This debate was conducted on February 11, 2010 at Washburn University in Topeka, Kansas. It is not a typical debate in that while there were opening and closing statements by each party, the body of the presentation was a sit-down discussion and interaction between the two – with lots of meandering.
After viewing the entire two hours, here are some of my thoughts:
– The debate did not stay focused on the stated topic. Much of the time was used to discuss current-day supernatural experiences and whether or not they are credible.
– It’s always easier to tear down something than to build it. When Carrier did address the stated topic, he was usually attempting to cast doubt on Licona’s explanation rather than build his own.
– Licona stated his hypothesis clearly and cogently in his opening statement, but did not stick to it when Carrier took the conversation various different directions. Licona wound up chasing Carrier’s various objections and defending, for example, current-day miracles instead of the resurrection. Whether current-day miracles occur or not, and with what frequency, is irrelevant to whether Jesus rose from the dead.
– Carrier constantly referred to probabilities, which is a red herring in this discussion. Of course resurrection is improbable. That’s why the resurrection of Christ is such a big deal!
– Carrier essentially seeks naturalistic explanations for what is written in the New Testament. At those points where such explanations are irreconcilable with the text, he says the text is unreliable. For example, he says that Acts 1:3 is not true – implicitly acknowledging that it does not support his theory that Christ’s resurrection appearances were group hallucinations induced by the original hallucinations of Christian leaders such as Peter. Carrier gave no basis for deciding which texts were reliable and which weren’t, other than this distinction. Thus, it appears he’s merely imposing his naturalistic worldview on the New Testament documents and disregarding those passages that cannot be re-interpreted in that light.
– Carrier often professes openness to a non-naturalistic worldview. However, he makes the hurdle for evidence so high that it can never be attained in this life. (He wants Jesus to appear to Him, in the style of Thomas. Yet it’s clear even Thomas wishes he could retract that demand.)
– Carrier keeps the burden of proof on his opponent and continually stakes his position agnostically. That is, he seeks merely to cast doubt on the opposing argument as opposed to firmly establishing and defending his own.
– Carrier repeatedly argues that if Jesus really had risen from the dead, God would have presented the evidence for it differently. To be specific, Carrier argues that Jesus should appear to every person if that’s what He wants every person to believe. Of course, this doesn’t disprove that Jesus rose from the dead – just that Carrier thinks he knows better how to be God than God does.
– Carrier argues that since most missing bodies are not evidence that they have been resurrected that it is improbable that Christ’s body was actually resurrected. That’s like arguing that since most Jews who claimed to be the Israel’s messiah have been proven false that it is improbable that Jesus is the Messiah. Or that since most of the possible answers to the question “What is two plus two?” are wrong, it is improbable that two plus two equals four.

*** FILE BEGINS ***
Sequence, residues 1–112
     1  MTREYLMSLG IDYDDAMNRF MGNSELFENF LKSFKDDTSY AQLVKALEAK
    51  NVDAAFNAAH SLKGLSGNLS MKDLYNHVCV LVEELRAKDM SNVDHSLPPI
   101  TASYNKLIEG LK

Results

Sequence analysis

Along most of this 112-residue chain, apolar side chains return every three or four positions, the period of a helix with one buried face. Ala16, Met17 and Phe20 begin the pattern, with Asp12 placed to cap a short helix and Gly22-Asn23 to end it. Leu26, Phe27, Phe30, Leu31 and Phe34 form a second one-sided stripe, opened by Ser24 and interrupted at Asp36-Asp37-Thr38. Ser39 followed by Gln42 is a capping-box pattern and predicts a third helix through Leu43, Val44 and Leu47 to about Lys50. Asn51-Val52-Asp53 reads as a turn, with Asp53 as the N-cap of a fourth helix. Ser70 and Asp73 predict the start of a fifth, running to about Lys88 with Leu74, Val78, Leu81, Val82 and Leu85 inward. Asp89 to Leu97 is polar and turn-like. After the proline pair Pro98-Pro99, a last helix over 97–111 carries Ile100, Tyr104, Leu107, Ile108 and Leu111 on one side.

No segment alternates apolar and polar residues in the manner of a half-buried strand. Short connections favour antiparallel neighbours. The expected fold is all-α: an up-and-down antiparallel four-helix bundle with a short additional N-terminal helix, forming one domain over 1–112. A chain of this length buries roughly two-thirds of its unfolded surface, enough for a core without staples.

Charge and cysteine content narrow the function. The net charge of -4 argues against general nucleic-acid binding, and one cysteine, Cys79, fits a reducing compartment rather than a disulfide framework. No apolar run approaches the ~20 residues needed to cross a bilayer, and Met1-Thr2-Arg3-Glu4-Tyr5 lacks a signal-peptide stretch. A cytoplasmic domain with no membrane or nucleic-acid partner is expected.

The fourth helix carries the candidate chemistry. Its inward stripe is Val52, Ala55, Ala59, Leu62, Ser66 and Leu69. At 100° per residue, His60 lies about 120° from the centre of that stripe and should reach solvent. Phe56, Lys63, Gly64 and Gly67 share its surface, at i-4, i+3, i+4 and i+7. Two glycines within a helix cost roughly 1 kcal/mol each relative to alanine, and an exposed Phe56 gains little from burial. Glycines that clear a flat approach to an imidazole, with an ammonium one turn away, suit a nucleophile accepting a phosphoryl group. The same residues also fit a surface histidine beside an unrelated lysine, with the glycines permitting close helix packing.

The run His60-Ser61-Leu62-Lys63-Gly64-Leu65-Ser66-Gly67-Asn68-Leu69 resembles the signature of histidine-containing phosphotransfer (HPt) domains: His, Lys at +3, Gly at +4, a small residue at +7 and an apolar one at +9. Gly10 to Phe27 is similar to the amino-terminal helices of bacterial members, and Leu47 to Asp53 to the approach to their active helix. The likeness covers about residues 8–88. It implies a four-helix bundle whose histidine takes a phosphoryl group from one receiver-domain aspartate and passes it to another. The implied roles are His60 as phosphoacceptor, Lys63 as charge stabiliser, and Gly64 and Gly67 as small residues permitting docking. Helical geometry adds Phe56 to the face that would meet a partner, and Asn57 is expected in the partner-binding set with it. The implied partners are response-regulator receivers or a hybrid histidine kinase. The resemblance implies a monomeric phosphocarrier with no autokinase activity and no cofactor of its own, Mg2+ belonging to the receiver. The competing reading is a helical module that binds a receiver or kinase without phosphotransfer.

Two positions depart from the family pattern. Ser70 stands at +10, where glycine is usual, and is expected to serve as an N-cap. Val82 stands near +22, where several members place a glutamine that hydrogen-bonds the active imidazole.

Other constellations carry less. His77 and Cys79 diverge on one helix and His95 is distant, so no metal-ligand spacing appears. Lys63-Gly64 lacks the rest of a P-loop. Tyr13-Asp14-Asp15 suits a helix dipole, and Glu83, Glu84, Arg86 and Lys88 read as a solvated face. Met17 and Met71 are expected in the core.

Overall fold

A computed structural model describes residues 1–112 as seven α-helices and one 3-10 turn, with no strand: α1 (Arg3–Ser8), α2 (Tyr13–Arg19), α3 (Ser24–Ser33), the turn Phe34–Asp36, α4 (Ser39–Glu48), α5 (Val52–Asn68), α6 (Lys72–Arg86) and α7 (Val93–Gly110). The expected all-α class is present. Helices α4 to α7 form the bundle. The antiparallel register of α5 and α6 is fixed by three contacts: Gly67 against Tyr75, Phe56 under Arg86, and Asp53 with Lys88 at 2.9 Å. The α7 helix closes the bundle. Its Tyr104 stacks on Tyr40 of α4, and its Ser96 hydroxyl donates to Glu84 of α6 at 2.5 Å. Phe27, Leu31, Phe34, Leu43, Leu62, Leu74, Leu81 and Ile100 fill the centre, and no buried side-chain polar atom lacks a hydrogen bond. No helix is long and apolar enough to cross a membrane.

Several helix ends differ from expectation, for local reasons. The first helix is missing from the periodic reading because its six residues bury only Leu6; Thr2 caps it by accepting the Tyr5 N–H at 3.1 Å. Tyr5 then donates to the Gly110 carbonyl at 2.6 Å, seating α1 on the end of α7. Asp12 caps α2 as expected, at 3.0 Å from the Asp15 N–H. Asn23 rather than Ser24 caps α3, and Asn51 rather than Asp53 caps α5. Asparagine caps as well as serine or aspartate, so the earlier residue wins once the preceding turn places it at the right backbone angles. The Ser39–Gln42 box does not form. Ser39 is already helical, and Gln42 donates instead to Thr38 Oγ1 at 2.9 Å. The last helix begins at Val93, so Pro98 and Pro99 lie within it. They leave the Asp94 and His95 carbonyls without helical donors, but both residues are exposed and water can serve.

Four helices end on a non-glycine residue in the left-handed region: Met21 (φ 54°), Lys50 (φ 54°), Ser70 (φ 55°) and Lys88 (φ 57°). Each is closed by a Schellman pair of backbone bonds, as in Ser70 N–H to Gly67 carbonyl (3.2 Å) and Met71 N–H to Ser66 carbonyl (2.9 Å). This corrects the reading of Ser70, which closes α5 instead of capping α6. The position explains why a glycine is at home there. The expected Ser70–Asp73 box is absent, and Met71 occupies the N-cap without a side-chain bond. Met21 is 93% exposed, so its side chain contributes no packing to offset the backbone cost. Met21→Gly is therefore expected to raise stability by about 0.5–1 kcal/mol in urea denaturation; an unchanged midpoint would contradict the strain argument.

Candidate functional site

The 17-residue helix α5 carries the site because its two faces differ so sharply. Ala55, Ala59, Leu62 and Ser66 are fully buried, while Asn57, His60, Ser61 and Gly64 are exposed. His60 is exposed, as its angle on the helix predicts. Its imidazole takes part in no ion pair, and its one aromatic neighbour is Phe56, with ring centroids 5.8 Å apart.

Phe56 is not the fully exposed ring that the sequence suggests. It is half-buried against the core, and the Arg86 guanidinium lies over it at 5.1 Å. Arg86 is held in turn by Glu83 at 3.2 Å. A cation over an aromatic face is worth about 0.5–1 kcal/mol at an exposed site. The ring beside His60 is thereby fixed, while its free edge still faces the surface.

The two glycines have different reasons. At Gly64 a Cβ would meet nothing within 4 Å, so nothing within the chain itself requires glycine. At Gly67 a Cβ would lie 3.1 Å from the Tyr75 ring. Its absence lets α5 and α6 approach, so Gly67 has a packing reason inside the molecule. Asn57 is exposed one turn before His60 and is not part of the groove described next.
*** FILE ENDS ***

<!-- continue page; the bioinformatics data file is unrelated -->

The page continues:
– Carrier says in his closing statement, “When the evidence is vague, we can only rely on what happens most often.” He thus sets the bar very low for himself, casts whatever doubt he can on the biblical account, and then declares essentially that improbable things probably didn’t happen. It’s a point of view that sounds erudite but is hollow. He is in effect stating nothing more than a tautology: Improbable events are improbable.
– Carrier employs psychological terms to give naturalistic explanations for supernatural events: schizotypal personality disorder, cognitive dissonance, hallucination, and so on. It’s as if he’s Freud and he’s putting Peter, Paul, and the others on the couch – some two thousand years and thousands of miles removed from the scene! I thought psychologists at least needed a living patient to interview. And Carrier’s supposed to be an historian and not a psychologist!
– One of Carrier’s most notable historical errors was to say that people in that time were steeped in resurrection motifs and this provided the breeding ground for their hallucinations. In saying this, he completely ignores the New Testament documents which show that no one in Israel – friend or foe – saw the resurrection coming. Yes, the resurrection of the Messiah after suffering was prophesied in the Old Testament, but no one recognized these prophecies until Jesus was raised from the dead and pointed them out to His disciples, who then pointed them out to others.
– This was not a good debate because it did not stay focused on the stated topic. When it comes to this topic, however, even good debates are not fully objective exchanges of facts and opinions. This is because only God is truly objective. Each of us is subjective – that is, subject to our own desires. A man arguing against the resurrection is in effect arguing to retain his autonomy from Jesus. No one can be objective about that idea. He either relishes the idea or shuns it. His mind hastens to support his will.